MILTOWN Malbay and the wider West Clare community continue to count the cost of the cancellation of an event whose economic value has been set at between €5 and €10 million annually. The Willie Clancy Summer School, whose cultural value is probably impossible to estimate, is among the casualties of the coronavirus restrictions. Its absence, on what would have been its 48th birthday, will be felt well beyond the Banner county. This year’s event had been expected to attract 1500 students between July 4 and 12, with many thousands more attending for sessions, talks, seminars, dancing, concerts and the general festival atmosphere.
Administrative Director Harry Hughes described the cancellation of this year’s Scoil Samhradh as “disappointing but inevitable” in the context of Covid-19. “We had been hoping things might improve in terms of the virus, but that wasn’t to be,” he remarked. “We are very disappointed for all of our students and tutors who attend year after year and the cancellation has created a huge void on several levels.”
Outlining the economic impact of the loss of this year’s event, Mr Hughes noted that the most recent estimate by researchers at NUI Galway had set the spin off benefit at up to €10m. “Our tutors would make up a percentage of their annual income through the summer school,” he outlined. “We would also hire up to 60 students and postgraduates for between one and three weeks. The hire of all kinds of products, like marquees, and services from electricians and other contractors also makes a significant contribution locally. Then, there is the impact on accommodation providers, pubs and restaurants in Miltown, Mullagh, Spanish Point and Quilty.”
This year’s programme of events will form the basis for next year’s summer school, when Mr Hughes believes people will be in a better position to “understand the new normal”. “We had the programmes printed for this year’s event, so those are collectors items now,” Mr Hughes remarked. “We are planning, all going well, to run one weekend of talks and recitals before the end of the year. We have to be stoic. I would see this as a ‘glass half-full’ situation.”
Among those who make up a significant percentage of their annual income from the summer school is Tony Cogan of Cogan’s Bar and Restaurant on Main Street, Miltown Malbay. “I would make up 20% of my year’s turn-over,” he outlined. “That’s because most of my trade, around 90%, is food. There would be other bars where the percentage of revenue from the summer school would be far higher.” Mr Cogan said that one of the main issues was confusion over how public health guidelines would work in practice. “We really don’t know yet how the rules will apply,” he said. “Many face a major fear about re-opening. If I had to close down again, I’d be faced with the prospect of having to dump thousands of Euros worth of stock. Then, you have a situation where people can’t sit at the bar and have to stay seated at tables. Will the atmosphere be right? Will you have to put your hand up and ask, ‘An bhfuil cead agam dul amach? There’s lack of clarity and many people won’t be rushing to re-open, but Miltown is a resilient town and resilience will win.”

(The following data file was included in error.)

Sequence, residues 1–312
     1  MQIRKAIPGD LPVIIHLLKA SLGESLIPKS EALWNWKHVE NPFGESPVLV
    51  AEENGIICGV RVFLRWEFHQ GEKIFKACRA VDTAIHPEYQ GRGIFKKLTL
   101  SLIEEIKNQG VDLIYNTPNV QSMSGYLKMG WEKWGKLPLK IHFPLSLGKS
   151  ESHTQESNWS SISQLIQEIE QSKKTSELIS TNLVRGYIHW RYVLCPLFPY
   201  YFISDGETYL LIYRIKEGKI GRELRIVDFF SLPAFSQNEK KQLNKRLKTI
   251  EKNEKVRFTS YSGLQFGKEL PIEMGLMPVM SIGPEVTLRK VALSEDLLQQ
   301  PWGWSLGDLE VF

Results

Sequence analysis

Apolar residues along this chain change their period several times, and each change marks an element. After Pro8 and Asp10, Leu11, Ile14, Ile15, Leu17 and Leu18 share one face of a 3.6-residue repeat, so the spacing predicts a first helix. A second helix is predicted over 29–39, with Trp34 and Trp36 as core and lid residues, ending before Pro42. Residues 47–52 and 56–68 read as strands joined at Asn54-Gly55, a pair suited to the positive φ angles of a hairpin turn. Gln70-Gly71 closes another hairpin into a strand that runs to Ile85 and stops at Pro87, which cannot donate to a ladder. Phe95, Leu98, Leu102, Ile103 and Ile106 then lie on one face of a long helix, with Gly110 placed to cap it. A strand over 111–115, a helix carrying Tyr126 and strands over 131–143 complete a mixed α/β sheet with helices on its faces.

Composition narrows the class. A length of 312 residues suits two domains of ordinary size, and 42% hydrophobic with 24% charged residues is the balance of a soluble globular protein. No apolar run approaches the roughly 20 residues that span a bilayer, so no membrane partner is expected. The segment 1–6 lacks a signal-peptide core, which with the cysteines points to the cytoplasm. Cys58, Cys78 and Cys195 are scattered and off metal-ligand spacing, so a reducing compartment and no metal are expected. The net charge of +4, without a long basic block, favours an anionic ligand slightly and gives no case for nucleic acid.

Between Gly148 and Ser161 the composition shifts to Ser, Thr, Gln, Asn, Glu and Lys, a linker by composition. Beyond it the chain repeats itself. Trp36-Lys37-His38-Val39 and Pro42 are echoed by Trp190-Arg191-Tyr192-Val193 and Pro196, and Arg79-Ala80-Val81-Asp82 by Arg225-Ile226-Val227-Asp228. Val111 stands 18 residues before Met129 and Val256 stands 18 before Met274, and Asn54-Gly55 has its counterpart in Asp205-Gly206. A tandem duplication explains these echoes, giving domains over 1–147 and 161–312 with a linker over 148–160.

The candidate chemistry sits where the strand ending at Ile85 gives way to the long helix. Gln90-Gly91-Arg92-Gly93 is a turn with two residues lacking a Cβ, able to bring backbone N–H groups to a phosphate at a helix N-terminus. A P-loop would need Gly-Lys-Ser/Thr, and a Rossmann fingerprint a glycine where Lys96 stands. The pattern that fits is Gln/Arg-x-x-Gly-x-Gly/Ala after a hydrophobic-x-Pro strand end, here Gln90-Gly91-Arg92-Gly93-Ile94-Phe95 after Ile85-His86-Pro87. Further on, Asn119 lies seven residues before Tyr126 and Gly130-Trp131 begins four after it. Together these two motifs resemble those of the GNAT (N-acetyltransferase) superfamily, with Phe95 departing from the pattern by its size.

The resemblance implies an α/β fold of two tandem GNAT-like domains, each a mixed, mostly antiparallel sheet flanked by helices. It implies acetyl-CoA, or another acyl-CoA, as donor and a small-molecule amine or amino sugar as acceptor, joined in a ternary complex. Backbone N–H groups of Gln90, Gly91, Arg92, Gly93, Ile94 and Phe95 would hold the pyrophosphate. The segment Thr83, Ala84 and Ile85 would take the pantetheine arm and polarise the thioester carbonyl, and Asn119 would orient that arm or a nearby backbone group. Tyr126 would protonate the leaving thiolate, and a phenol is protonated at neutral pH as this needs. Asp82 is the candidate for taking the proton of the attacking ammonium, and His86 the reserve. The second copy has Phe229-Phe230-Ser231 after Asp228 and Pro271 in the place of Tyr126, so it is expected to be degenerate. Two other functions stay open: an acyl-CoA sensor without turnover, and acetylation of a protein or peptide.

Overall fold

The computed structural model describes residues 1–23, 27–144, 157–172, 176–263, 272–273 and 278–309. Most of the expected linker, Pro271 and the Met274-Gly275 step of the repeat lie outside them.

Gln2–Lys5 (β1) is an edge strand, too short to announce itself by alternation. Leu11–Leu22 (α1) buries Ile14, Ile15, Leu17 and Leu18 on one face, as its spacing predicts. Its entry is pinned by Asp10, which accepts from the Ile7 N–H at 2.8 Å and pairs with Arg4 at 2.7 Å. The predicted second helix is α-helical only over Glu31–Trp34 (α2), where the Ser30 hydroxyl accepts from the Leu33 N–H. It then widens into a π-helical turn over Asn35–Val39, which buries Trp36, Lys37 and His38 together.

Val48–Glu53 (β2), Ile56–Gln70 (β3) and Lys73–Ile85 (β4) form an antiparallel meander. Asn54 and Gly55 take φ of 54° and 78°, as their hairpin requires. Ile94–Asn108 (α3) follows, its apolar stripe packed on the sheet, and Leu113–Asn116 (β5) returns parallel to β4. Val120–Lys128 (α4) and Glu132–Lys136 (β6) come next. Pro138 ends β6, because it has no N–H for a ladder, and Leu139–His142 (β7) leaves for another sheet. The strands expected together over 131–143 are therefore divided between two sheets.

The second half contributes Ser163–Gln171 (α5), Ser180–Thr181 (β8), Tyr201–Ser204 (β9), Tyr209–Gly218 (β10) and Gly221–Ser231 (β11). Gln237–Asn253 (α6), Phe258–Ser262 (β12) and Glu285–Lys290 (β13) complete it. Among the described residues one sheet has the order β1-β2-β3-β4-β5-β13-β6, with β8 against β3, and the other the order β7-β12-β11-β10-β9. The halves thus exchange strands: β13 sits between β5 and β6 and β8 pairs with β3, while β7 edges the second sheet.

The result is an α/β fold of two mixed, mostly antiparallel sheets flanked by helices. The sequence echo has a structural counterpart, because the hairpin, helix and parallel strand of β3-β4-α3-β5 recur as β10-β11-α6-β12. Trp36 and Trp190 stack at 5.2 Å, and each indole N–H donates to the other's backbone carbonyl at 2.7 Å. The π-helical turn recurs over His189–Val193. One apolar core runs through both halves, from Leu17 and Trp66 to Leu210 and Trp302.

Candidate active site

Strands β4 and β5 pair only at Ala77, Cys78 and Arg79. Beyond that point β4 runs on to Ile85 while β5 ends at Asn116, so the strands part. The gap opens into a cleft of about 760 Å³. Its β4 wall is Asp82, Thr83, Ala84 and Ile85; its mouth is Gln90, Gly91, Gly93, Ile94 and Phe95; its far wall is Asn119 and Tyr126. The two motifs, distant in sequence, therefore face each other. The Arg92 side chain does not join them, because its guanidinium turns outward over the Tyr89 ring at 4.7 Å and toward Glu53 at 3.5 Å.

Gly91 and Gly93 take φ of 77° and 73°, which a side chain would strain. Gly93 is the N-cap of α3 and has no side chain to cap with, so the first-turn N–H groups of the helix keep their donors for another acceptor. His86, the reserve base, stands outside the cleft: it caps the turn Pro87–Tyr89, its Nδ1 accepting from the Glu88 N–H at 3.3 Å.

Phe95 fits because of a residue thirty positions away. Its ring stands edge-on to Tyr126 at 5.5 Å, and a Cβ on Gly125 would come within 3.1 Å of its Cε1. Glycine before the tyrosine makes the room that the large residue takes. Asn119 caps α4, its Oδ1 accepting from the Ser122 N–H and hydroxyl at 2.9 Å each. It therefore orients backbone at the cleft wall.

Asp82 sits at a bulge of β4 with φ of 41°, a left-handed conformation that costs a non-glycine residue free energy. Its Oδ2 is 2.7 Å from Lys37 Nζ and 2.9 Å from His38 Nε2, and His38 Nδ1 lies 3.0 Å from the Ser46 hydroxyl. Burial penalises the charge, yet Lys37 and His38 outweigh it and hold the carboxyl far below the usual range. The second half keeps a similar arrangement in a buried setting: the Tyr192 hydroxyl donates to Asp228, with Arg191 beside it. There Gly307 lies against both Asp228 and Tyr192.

Hotelier John Burke agreed that the cancellation of the summer school is a huge loss on many levels. “It really is the highlight of the summer calendar,” he said. “We can never give too much credit to the organisers. Because it’s been running for so many years, everyone just clicks into action and it’s a lovely time.”
At the Armada Hotel in Spanish Point, 140 summer staff would be the normal complement, but now that’s back to just 20. “We have had to pause recruitment since March,” Mr Burke outlined. “For the summer school alone, would would normally hire an additional 30 staff.”
Priorities now for the sector include securing clarity around the nature of weddings. “We know that small wedding celebrations will be allowed from July and larger weddings in August,” he noted, “but we really don’t have clarity yet on the numbers. It’s a really big part of our summer business.” Mr Burke also listed the provision of holiday vouchers to stimulate the domestic market, as an important step forward.
Fiona McGarry joined The Clare Champion as a reporter after a four-year stint as producer of Morning Focus on Clare FM. Prior to that she worked for various radio, print and online titles, including Newstalk, Maximum Media and The Tuam Herald.
Fiona’s media career began in her native Mayo when she joined Midwest Radio. She is the maker of a number of radio documentaries, funded by the Broadcasting Authority of Ireland (BAI). She has also availed of the Simon Cumbers Media Fund to report on development issues supported by Irish Aid in Haiti.
She won a Justice Media Award for a short radio series on the work of Bedford Row Project, which supports prisoners and families in the Mid-West. Fiona also teaches on the Journalism programmes at The University of Galway.
If you have a story and would like to get in touch with Fiona you can email her at email@example.com or telephone 065 6864146.